The decrease in the center of gravity on a vehicle gives it more stability. The better-distributed weight gives the ride an aerodynamic boost, allowing you to cruise at high speeds with ease and control.
Reduced risk of rollover
Lowering your ride also lowers the center of gravity of your vehicle. The reduced center of gravity improves your cornering, decreasing the risk of your car rolling over at tight places.
Stiffer springs give less weight transfer when a driver hits the brakes or gas hard. The closer proximity to the ground also increases responsiveness, stability, and grip. As a result, the handling is top-notch.
Demerits of lowering or increasing ride height
Reducing the height of your ride reduces ride comfort and accelerates uneven tire wear. It is not practical for rough and rugged terrain and has high costs and serious warranty issues.
Also, as the car is much closer to the tires than before, the chances of it bottoming out are higher. While driving, you might even feel some parts of your vehicle rubbing on other features or the tires. You will also have to get a new jack, as the standard jack will not do the job on your vehicle.
Furthermore, going on the stiffer ride, which lowering your ride provides, would generally decrease your ride quality and grip on bumpy roads. Though you will have faster acceleration and quicker stops, experiencing the cons of the ride will leave you asking many questions.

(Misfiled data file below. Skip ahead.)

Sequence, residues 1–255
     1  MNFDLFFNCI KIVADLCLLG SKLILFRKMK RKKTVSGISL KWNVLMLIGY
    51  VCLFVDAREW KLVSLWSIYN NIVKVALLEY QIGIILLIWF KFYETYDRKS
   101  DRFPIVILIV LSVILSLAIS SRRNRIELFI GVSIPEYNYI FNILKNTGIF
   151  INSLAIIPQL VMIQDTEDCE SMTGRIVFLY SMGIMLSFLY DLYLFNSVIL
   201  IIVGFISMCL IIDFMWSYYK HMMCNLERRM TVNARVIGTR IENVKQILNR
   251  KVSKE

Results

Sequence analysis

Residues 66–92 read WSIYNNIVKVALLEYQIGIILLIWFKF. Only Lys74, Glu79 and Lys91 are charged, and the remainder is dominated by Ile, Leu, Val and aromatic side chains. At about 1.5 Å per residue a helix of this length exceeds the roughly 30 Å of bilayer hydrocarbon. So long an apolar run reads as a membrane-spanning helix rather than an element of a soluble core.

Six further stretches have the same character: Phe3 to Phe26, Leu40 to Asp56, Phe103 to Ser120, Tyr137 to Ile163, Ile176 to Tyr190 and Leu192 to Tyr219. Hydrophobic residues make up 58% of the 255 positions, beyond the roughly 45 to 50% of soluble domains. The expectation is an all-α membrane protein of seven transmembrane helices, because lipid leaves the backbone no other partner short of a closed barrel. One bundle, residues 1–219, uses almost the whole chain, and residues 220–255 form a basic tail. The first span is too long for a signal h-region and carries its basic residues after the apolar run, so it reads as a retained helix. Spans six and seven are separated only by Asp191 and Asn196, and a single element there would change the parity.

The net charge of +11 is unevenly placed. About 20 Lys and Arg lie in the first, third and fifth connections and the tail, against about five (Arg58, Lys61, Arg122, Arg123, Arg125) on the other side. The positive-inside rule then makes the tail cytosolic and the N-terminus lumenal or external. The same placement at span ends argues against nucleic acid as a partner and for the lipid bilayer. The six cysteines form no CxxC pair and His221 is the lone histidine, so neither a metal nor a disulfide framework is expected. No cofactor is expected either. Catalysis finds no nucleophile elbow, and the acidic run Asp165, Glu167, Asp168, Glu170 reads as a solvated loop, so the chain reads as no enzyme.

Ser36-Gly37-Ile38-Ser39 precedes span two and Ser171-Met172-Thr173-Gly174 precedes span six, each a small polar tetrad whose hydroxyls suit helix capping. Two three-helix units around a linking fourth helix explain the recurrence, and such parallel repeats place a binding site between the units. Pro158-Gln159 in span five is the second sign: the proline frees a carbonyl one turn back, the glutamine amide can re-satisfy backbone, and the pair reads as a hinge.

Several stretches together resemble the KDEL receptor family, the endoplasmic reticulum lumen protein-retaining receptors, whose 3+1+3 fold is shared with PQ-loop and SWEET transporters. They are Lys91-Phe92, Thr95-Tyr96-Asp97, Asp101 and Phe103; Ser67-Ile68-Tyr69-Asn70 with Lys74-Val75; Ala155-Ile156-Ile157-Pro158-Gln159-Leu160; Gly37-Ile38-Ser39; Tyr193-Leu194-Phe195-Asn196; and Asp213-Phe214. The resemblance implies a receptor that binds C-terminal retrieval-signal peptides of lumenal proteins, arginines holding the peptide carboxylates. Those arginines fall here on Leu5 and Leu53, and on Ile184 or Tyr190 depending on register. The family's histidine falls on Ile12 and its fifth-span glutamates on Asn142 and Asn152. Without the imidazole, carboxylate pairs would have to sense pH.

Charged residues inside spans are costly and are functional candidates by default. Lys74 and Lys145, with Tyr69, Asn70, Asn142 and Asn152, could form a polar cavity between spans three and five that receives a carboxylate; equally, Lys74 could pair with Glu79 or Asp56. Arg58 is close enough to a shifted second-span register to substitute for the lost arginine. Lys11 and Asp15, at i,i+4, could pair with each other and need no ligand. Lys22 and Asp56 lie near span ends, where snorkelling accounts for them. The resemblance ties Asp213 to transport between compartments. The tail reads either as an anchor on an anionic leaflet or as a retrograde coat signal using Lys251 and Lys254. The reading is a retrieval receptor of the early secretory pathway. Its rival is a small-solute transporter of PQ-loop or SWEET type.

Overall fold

Increasing the height of your ride might seem like a more viable option at this point, but is it? It has merits and demerits, just like lowering your ride height.
For starters, increasing your ride height lends more quality to your ride. The extra ground clearance gives the wheel more room to move and absorb shock.
If you frequently drive on bumpy and uneven ground, your vehicle will benefit mainly from the higher ride. The occasional scraping and bumping of a vehicle’s bottom when on a rough road is non-existent when the lift is higher. You would not need to dish out money for repairing the chassis and underbody, which is susceptible to damage from a low ride on a bumpy road.
Unfortunately, the center of mass is more prominent in a higher ride. Aerodynamic properties are affected, along with handling. The chances of a rollover during cornering are high as handling is less precise and controlled in a higher ride. These are quite a price to pay for better comfort and ride quality.
Which is better: lowering springs or coilovers?
Lowering springs will only allow you to lower your car’s suspension and not increase it. As such, they will limit your vehicle to smooth and even terrains. If you ever have to move on uneven terrain, your vehicle’s underbelly and chassis might pay the price.
Furthermore, you should expect something other than comfort when using a lowering spring. It is the price you get to pay for better handling and road sensitivity on the wheel. It is most suitable for race and sports cars, which place handling and control over comfort and ride quality.
Coilovers, however, let you change your mind about the height of your car at will. It can extend beyond a certain height and position, unlike lowering springs. When you are in a situation where a low ride is preferable, you can easily adjust it and vice-versa.